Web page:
Glycom provides specifications for NANA dihydrate. Specifications include the minimum levels of NANA dihydrat (≥ 97 % on a dry matter basis (DM)) and limits on water (≤ 12.5 %), acetic acid and/or sodium acetate (≤ 0.5%), residual solvents (≤ 0.1 % for individual solvents and ≤ 0.3% for a combination of solvents), lead (≤ 0.1 mg per kilogram (mg/kg)), residual proteins (≤ 0.01 %), and no detectable Cronobacter sakazakii in a 10 gram sample. Glycom provides the results of five batch analyses of NANA dihydrate to demonstrate that their product meets specifications.
Glycom discusses stability studies conducted with NANA dihydrate. Glycom concludes that the shelf-life of NANA dihydrate is 36 months. Glycom notes that an analysis revealed three unidentified carbohydrate degradation products that were detected after 36 months of storage, however, NANA dihydrate remained within the specifications described above and data reveals that after 48 months of storage only one of the three degradation products remains detectable (approximately 0.1%). In addition, Glycom states that NANA dihydrate is stable when stored under accelerated conditions (40°C and 75% relative humidity) for periods of up to 24 months. Glycom discusses stability studies conducted with NANA dihydrate in powdered infant formulas and other food applications and concludes that NANA dihydrate is stable under the intended conditions of use.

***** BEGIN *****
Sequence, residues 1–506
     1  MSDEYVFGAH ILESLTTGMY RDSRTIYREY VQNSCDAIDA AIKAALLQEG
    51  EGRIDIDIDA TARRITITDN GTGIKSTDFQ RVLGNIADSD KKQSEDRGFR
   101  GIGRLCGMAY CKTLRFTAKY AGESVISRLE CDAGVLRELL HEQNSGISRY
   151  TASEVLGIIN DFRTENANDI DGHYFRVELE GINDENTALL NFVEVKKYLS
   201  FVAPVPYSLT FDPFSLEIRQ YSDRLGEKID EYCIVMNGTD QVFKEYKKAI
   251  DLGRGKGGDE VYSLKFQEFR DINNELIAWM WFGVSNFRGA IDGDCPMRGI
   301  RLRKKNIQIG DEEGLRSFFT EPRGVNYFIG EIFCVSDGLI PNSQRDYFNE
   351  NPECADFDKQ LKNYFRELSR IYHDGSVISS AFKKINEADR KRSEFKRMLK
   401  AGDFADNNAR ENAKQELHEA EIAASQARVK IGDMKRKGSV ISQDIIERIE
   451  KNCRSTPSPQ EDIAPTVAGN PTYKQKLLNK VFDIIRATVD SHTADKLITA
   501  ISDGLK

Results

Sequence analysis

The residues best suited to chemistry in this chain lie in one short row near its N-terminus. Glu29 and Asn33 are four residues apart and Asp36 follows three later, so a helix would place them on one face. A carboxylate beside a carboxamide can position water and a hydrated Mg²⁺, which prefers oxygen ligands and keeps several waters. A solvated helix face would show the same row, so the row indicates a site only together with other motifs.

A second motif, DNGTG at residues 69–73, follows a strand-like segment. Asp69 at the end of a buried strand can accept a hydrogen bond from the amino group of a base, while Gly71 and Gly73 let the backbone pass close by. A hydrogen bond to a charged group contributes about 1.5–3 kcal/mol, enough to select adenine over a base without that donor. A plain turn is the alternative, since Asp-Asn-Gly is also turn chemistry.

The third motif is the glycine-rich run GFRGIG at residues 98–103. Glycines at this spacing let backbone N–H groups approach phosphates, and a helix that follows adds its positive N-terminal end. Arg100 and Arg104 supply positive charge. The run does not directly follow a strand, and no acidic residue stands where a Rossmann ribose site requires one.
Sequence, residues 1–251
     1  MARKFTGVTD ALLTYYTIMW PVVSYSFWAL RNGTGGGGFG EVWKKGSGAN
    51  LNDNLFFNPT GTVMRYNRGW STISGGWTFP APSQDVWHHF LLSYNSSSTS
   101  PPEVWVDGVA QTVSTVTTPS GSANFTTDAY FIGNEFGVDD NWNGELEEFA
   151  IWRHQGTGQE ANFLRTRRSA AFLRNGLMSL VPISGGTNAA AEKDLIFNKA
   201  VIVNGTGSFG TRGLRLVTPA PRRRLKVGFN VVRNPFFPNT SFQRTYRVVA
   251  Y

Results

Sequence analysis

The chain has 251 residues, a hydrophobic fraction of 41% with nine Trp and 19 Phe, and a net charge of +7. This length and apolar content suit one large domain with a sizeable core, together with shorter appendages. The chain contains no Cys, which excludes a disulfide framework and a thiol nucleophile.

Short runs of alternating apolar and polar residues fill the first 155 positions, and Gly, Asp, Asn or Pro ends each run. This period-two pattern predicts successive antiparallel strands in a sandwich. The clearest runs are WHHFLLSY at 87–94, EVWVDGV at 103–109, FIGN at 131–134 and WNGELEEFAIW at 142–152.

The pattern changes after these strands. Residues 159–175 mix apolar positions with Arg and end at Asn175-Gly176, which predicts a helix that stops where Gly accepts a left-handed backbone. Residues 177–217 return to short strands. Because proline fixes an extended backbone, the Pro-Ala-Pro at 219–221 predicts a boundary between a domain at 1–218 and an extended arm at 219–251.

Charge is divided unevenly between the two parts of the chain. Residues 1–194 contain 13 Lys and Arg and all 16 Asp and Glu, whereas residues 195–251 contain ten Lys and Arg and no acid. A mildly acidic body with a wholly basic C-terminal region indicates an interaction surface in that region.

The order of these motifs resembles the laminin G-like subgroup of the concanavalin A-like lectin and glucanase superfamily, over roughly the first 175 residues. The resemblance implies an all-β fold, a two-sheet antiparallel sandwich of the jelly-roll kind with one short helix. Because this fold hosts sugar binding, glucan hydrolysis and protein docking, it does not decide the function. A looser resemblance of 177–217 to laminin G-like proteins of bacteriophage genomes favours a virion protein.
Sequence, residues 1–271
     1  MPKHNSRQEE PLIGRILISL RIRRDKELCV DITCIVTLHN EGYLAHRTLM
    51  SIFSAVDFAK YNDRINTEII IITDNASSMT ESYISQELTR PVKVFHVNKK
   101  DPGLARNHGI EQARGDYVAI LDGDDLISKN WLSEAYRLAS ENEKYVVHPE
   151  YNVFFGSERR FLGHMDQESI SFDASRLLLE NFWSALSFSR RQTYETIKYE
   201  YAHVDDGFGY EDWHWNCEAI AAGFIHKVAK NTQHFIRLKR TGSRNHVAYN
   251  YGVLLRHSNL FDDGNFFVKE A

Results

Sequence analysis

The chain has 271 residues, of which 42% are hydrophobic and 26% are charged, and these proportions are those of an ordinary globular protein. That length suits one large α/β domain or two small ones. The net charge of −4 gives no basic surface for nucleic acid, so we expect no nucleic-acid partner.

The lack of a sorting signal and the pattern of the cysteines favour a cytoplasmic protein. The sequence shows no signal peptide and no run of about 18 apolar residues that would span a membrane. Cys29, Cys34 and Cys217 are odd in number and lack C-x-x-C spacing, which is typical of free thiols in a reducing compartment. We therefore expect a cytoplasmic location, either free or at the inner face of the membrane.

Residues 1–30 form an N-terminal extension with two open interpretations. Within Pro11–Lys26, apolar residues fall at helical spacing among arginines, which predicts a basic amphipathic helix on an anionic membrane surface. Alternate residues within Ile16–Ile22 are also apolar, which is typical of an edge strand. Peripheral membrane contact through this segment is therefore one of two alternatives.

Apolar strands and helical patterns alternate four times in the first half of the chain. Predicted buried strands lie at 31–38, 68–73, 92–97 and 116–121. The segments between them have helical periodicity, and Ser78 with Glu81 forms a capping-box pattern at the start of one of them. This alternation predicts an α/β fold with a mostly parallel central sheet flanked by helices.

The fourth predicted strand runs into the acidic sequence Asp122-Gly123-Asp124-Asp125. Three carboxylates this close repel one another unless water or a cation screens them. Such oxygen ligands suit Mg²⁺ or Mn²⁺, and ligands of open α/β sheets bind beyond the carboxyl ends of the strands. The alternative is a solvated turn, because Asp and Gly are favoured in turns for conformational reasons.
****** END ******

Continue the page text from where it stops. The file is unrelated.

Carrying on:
Glycom calculates the dietary exposure to NANA dihydrate based on a maximum use level of 50 mg/L of NANA dihydrate in term infant formulas and the intended use levels in various food categories using food consumption data from the 2009-2010 National Health and Nutrition Examination Surveys (NHANES) (CDC, 2011; USDA, 2012). The estimated mean and 90th percentile exposures for infants aged 0 to 6 months are 46.5 and 67.1 mg/person/day (mg/p/d) (7.3 and 11.8 mg/kg body weight (bw)/d), respectively. For infants aged 7 to 11 months, the estimated mean and 90th percentile exposures to NANA dihydrate are 55.5 and 79.2 mg/p/d (6.0 and 9.2 mg/kg bw/d), respectively. For toddlers aged 1 to 3 years, the estimated mean and 90th percentile exposures to NANA dihydrate are 52.3 and 87.9 mg/p/d (4.0 and 6.6 mg/kg bw/d), respectively. For individuals in the U.S. population aged 4 years and older, the estimated mean and 90th percentile exposures to NANA dihydrate are 65.3 and 130.9 mg/p/d (1.2 and 2.6 mg/kg bw/d), respectively.